Hitched out at 7:45, got a ride in 2″ to the pass. After 9-ish miles, at the last water for 10 miles after a 7 mile climb, a CT hiker vortex developed, like a dozen hikers? Should we climb or should we camp? There were clouds but not horrible. After 4 others finally headed up, so did I. Got a deadline to make, I can’t keep wasting days for crappy weather!
The grade was just fine, only one steep pitch in 7 miles. Got to the Colorado Trail high point, then just 3 miles down to water and I found a beautiful campsite about 6:30. About 8pm, Snow Day joined me. I liked talking with him in Lake City, he’s from LA and has 3 cats he rescued. I loved the story and photos of how he gradually coaxed a litter of feral kittens in.
8/5 18.6 miles
I left in the morning and never saw Snow Day. Guess he’s one of the CT’ers who get up late and hike late. 8 climbs today, PUDs really but lovely as you cross from valley to cirque to valley. Played tag with the Stoners, a couple of Virginia guys under 21 who take multiple smoke breaks. “It’s illegal where we live and you can’t even buy tobacco or a lighter unless you’re 21!” Nice guys, good hikers.
At some point I realized I could walk into Silverton on a bike alternate (they can’t ride in Wilderness) 20 miles before I thought I could, so I did. I am really sick of shit weather at 12-13,000′, I am. I saw the guys cross the road ahead of me back into trail as I hiked down Stony Pass Road, a steep old wagon road built in the1870’s to access mining country. Eventually I wound up at the Blair Street Hostel in Silverton. Blair Street is an historic district, so the exteriors of the buildings maintain a shabby authenticity amidst the hordes of tourists. I collected my resupply box and contemplated the fact that I was running down the clock on time I had left in Colorado before I get to go home to Alaska for a few days before my next trip to Yosemite.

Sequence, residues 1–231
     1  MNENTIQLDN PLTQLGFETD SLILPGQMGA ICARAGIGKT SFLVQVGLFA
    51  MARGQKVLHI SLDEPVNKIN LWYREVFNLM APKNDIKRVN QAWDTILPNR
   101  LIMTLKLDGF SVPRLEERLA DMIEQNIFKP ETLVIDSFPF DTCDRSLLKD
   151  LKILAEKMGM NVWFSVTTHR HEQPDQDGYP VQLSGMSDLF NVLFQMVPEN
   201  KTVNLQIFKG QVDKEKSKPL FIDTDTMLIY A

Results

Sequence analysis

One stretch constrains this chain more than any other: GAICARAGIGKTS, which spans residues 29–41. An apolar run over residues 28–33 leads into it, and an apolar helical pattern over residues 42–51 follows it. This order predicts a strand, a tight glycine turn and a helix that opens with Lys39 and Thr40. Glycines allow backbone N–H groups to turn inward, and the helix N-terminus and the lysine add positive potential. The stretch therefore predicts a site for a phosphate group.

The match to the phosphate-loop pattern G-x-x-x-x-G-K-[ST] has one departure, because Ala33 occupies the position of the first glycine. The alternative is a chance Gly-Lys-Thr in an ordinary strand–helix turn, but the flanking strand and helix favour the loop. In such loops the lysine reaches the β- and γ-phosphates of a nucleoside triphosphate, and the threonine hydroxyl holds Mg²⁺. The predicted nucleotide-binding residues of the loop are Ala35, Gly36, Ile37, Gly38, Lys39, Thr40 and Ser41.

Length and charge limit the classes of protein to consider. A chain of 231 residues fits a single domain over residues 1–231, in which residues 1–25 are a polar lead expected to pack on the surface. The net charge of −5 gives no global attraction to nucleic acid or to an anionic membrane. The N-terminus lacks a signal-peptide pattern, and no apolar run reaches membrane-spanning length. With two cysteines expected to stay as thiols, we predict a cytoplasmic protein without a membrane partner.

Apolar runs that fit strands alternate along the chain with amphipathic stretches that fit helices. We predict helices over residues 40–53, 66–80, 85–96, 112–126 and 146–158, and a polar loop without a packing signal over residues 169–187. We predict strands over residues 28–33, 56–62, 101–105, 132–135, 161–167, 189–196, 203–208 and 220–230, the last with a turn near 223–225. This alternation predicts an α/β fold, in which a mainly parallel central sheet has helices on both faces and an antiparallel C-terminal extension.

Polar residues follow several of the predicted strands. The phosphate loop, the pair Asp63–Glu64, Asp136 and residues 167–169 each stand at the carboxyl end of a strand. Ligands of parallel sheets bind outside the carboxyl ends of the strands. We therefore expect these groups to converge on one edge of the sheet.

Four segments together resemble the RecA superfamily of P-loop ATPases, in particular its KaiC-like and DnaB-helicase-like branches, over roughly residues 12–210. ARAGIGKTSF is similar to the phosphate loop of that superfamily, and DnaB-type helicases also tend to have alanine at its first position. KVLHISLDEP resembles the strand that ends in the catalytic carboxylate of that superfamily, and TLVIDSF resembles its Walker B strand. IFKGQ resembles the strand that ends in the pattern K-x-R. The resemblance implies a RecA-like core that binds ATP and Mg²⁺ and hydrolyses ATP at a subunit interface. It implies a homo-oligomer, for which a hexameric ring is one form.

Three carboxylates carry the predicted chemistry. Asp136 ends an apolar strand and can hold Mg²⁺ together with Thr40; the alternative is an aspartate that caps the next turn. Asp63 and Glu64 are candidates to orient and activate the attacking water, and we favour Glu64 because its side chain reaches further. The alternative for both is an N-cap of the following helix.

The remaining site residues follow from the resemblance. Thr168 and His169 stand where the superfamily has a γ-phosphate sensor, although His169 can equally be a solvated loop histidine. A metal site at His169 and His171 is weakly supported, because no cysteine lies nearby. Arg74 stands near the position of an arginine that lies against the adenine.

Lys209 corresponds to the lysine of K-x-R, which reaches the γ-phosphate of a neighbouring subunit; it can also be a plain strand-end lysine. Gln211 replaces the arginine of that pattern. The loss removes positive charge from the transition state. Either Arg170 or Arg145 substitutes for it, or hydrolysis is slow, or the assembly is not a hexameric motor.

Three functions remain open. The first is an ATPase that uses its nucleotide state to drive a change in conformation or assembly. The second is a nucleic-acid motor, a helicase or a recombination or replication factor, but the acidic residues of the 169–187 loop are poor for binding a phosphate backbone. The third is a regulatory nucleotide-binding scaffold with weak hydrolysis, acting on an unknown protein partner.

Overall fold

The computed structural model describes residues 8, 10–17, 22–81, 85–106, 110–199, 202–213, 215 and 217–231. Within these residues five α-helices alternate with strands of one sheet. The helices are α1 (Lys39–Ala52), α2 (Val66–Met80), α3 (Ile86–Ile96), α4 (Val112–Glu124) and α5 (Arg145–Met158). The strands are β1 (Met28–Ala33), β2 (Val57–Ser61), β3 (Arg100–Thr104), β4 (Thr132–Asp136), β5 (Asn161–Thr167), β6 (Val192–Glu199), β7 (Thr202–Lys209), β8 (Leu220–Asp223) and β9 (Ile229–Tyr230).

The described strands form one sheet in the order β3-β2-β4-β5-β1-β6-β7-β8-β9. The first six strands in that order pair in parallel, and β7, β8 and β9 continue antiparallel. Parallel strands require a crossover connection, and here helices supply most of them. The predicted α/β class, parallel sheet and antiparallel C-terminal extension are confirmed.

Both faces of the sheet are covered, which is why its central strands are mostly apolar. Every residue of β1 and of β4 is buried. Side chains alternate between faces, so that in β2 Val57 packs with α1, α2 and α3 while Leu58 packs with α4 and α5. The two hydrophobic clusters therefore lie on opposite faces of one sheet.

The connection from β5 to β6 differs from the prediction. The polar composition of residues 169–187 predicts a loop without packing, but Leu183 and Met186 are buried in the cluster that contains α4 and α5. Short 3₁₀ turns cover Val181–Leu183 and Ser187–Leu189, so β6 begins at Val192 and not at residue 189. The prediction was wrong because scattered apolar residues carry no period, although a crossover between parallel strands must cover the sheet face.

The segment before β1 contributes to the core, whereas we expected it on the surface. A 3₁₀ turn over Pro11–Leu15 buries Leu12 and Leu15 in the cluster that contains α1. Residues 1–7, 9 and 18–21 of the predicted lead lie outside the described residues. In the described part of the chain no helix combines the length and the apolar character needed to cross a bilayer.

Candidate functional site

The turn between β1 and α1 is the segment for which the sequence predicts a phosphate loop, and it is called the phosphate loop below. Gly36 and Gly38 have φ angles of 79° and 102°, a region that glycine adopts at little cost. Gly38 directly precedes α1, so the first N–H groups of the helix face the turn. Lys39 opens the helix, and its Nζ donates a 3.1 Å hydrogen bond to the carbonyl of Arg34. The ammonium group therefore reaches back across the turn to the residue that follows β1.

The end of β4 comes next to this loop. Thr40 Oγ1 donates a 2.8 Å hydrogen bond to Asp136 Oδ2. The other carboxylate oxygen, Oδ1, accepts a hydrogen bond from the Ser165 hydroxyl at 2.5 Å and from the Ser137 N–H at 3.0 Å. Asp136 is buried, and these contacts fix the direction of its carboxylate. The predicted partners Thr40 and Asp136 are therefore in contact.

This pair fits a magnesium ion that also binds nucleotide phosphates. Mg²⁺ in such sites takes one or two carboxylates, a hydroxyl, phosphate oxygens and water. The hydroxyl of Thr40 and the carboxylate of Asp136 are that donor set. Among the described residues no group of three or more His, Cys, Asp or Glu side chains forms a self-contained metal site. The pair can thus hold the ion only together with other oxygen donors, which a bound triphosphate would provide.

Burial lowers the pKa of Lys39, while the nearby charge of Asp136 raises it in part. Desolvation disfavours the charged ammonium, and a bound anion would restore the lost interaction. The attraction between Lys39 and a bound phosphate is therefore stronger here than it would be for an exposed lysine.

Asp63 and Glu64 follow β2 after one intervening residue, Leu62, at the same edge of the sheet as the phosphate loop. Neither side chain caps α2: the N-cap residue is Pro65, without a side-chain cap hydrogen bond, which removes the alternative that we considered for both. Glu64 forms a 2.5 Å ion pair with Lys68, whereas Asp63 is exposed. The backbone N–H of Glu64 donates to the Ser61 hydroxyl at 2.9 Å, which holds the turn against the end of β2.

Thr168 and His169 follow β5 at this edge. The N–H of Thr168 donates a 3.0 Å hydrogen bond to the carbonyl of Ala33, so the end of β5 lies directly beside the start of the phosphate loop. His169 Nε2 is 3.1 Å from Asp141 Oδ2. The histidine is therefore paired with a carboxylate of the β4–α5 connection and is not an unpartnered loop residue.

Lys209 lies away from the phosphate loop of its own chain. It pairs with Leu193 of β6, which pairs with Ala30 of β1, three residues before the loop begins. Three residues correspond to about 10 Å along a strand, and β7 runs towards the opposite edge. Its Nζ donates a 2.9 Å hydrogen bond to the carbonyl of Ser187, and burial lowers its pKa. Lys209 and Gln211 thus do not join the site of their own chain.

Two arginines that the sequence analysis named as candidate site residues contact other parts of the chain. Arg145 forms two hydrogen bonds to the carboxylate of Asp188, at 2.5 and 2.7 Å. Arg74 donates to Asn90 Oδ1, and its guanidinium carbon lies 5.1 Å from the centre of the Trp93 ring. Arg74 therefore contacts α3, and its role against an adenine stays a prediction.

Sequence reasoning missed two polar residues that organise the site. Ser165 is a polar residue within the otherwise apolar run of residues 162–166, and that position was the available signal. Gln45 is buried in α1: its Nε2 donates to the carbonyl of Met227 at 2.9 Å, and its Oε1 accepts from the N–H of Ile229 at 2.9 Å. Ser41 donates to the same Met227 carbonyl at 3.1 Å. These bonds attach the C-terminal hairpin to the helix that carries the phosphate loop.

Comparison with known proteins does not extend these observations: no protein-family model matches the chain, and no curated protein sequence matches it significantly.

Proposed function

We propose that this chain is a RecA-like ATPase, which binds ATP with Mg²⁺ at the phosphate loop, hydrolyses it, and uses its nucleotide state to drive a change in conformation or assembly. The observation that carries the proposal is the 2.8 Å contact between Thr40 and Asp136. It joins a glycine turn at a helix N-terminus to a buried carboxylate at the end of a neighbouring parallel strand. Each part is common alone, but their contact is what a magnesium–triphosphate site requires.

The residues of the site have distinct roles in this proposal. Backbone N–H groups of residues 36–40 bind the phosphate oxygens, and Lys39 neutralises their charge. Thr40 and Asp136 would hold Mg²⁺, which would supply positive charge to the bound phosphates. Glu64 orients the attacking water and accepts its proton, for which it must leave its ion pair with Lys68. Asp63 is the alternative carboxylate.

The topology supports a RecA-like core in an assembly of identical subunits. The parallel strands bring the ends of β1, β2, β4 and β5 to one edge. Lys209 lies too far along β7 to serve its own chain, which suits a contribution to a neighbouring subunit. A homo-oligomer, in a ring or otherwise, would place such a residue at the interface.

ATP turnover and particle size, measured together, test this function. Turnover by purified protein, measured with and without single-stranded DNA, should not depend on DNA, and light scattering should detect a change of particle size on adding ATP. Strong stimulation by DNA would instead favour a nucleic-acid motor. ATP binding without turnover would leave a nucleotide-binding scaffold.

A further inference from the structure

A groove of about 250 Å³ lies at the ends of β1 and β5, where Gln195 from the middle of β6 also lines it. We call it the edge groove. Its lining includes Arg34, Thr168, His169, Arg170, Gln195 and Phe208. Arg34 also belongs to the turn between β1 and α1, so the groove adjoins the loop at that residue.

8/6-8 Does the train from Silverton to Durango count? I called this morning and got a 1-way ticket with narration, it was an incredible 3 1/2 hour journey!
I rented a car in Durango and drove to Mesa Verde NP. As I put it in a Facebook post, I visited for a few minutes on a family trip when I was a kid. It was raining so my mom made my dad keep driving. From my mom though, I inherited 2 perfect pieces of Mesa Verde pottery “collected” by my Great-Great Uncle Clayton Theodore Sallee in the 1880’s. My mom said he was on a hunting trip, but I think now that he took a tour of Mesa Verde in the pre-1906 Antiquities Act era where you were encouraged to grab artifacts. At any rate, I had them evaluated and appraised years ago by an expert. They are 1000+ years old with no provenance and can’t be returned. I have wanted to see where they were made by human hands for a long time. And, wow. Like the cliff dwellings in the Gila, it makes you think about all the cultures and tribes that have moved through the Americas through time, the stories we know, the stories we don’t. Foot travel, then horse travel later. I bought a reprint of the first archaeological study, published 1893. I can’t to read it and set it next to my pillaged pottery.